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How I fell in love with the Disney-MGM Studios

 Sometimes you have to wonder what drives someone to make a website like this (or my other websites about the Twilight Zone Tower of Terror or Rock ‘n Roller Coaster) and devote so much effort and time into it. Even writing this I’m thinking “….wait, what was the reason again?”.

My first trip to the Disney-MGM Studios happened sometime after the park opened and I was about 10 years old or so which put that trip in the timeframe of 1990 or 1991 (for the Studio novices out there, the Disney-MGM Studios opened in 1989). I was a child of the Magic Kingdom; I wanted to ride interesting attractions based on movies I liked and ride a lot of them. It was why my family and I came to Walt Disney World in the first place: we wanted entertainment unrivaled from what we found at home. I’m sorry to say we did not find it at the Disney-MGM Studios.

Fast forward about 10 years and I’m now finished with high school and me and my friends decide to go down to Disney World for a last hurrah trip before we all went off to college to better ourselves and find something to do with out lives that paid well (or so we told our parents). I was in charge of planning the trip and as a result decided to do some research. Magic Kingdom? Gotta do it. Epcot? Yea, let’s stop there too. MGM? No way. I had learned my lesson from years past. I presented my touring plan to my friends and one of my friends asked why we weren’t going to the Studios and I calmly and eloquently explained to her my prior experience and why I was doing them all a favor by going. Well any guy who is reading this knows girls always get their way.

So we were off to the Disney-MGM Studios and I was prepared with my “told you so!” and figured if we made it to lunch that would be an accomplishment. I never had an opportunity to use that line as quickly my expectations were blown away. I found a different park from it’s humble (and boring) beginnings.

The first attraction we experienced was the Tower of Terror. The wealth of theming stuck with me on this and the subsequent times I rode I was discovering different things. It was a great topic of conversation later where someone would say “Hey, did anyone else notice…”. I loved how Disney had merged a simple idea, the free fall ride, with theming, technology and story.

Following Tower, we rode Rock ‘n Roller Coaster which is another attraction that incorporates story, ride and tech. Coaster really gave that sense of being in a real recording studio just like Tower made me believe it really was a hotel. That’s the sure fire sign you’re at Disney World and the element that separates Disney attractions from stuff you find in carnivals or your local amusement park. Just like in the Magic Kingdom where you would take old style omnimover attractions and add that Disney touch, the Studios took contemporary attractions and added that flair and “woa” factor to make it great.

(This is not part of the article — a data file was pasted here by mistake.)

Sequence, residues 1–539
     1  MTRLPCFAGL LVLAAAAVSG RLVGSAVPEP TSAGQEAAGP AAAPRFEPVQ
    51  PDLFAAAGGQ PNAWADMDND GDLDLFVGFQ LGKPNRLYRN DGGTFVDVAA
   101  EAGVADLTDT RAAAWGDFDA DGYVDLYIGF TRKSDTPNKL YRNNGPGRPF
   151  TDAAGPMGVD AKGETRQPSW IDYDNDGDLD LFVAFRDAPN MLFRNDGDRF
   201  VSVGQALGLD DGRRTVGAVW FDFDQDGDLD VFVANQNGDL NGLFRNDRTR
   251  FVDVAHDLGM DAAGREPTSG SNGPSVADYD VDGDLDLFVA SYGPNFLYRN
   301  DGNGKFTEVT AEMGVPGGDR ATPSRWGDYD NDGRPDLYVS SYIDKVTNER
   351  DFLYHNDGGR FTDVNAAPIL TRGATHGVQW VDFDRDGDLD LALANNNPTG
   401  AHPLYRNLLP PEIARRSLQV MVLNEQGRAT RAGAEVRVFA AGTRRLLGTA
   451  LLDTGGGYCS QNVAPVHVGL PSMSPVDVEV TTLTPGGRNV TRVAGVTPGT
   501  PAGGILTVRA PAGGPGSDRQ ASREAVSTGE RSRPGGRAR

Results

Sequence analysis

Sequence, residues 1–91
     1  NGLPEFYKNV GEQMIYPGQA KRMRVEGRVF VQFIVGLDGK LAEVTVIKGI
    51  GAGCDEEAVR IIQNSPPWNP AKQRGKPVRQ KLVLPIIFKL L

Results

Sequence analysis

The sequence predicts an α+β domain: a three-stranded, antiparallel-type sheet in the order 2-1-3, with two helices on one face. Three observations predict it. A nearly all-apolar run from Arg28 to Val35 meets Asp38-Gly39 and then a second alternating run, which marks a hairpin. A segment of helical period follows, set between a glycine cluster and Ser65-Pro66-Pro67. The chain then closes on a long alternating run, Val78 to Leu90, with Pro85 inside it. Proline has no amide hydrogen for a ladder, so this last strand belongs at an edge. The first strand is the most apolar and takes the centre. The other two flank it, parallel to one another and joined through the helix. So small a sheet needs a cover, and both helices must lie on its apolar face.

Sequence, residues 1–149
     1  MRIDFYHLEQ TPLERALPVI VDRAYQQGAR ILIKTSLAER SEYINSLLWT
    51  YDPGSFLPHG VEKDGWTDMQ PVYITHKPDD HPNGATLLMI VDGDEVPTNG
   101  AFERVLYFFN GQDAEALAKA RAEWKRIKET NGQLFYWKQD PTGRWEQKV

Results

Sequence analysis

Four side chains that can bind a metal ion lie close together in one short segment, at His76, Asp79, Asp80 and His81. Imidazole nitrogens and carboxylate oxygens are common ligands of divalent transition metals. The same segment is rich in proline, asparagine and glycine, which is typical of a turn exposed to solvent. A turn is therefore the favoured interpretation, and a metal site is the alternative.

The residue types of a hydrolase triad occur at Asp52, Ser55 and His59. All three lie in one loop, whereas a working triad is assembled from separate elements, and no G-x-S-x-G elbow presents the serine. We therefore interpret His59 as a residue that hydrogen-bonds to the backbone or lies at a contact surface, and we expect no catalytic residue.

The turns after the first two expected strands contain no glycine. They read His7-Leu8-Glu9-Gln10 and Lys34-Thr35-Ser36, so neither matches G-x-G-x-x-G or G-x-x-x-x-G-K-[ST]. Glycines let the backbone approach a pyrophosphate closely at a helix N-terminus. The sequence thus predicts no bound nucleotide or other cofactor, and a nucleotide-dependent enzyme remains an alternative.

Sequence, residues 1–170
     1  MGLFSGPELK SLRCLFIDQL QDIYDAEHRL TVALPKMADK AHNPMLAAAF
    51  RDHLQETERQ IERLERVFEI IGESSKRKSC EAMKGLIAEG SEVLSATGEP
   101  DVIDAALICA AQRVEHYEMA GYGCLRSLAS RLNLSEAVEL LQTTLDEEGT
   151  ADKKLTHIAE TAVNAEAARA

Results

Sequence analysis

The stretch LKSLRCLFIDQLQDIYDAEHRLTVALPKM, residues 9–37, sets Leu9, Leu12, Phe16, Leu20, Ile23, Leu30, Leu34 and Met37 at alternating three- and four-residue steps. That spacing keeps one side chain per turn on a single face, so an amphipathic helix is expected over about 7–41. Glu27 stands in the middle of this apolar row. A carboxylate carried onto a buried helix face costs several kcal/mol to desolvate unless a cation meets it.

I’d be remiss if I didn’t mention the movie making part of the park. At the time, the Studios was a real working movie studio and although most of the interesting things to see where behind closed doors, the aura of being able to see Disney artists work in the Magic of Disney Animation or take the Backlot Tour or Backstage pass tour and see props and costume designers at work made you feel connected to the “movie magic” even if tended to be movies and films I would never want to see (Ernest Saves Christmas, need I say more?).

One of the best kept secrets about the Studios is the streetmosphere (Ok, not that much of a secret but Disney calls their Vacation Club a secret so I’m taking some editorial liberties here). Streetmosphere is the name for those people you see roaming the park that play a role of someone and entertain you. Usually they’re spoofs of stereotypical characters from the 1940’s.; The aspiring movie actor from a country town or a city girl looking to make it big in Hollywood. They each have their own personality and mannerisms. As interesting as they are, it’s the guest interaction that is the real fun. They’re quick thinking on their feet and span the difficult chasm of being entertaining without upsetting the guest who is being made fun of. If you’ve never stopped to see an act (I know I skipped over this quite a bit until I was waiting for someone and happened to catch part of it), it’s definetly worth seeing. And if you’re really wary of it, throw a beloved family member as sacrifice to be made fun of and I guarantee you’ll love it.

I didn’t fall in love with the Studios in one trip and do everything. It took a few more return trips (first to make sure I wasn’t hallucinating from the first time and subsequently to really see what I had missed) and I discovered the fantastic Broadway shows, special events (Star Wars Weekend anyone? Yes I know it’s quite nerdy but it’s a fantastic guilty pleasure), attractions now gone (RIP Who Wants To Be A Millionaire, Monster Sound Show and my beloved Ernest Saves Christmas house) and some intriguing food options. Nevermind Fantasmic! (and the sometimes shown but renamed Sorcery in the Sky), the stunt shows, characters or anything else I neglected to mention (I’ve got to have something to write about in next week’s column!). The Studios for me made a real connection; entertainment different from what I had experienced as a child at the Magic Kingdom yet retaining that distinct Disney feel.

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A regular look into Disney's Hollywood Studios, both past and present, with commentary and analysis from Matt Hochberg.


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Posted: Wednesday, October 11, 2006 by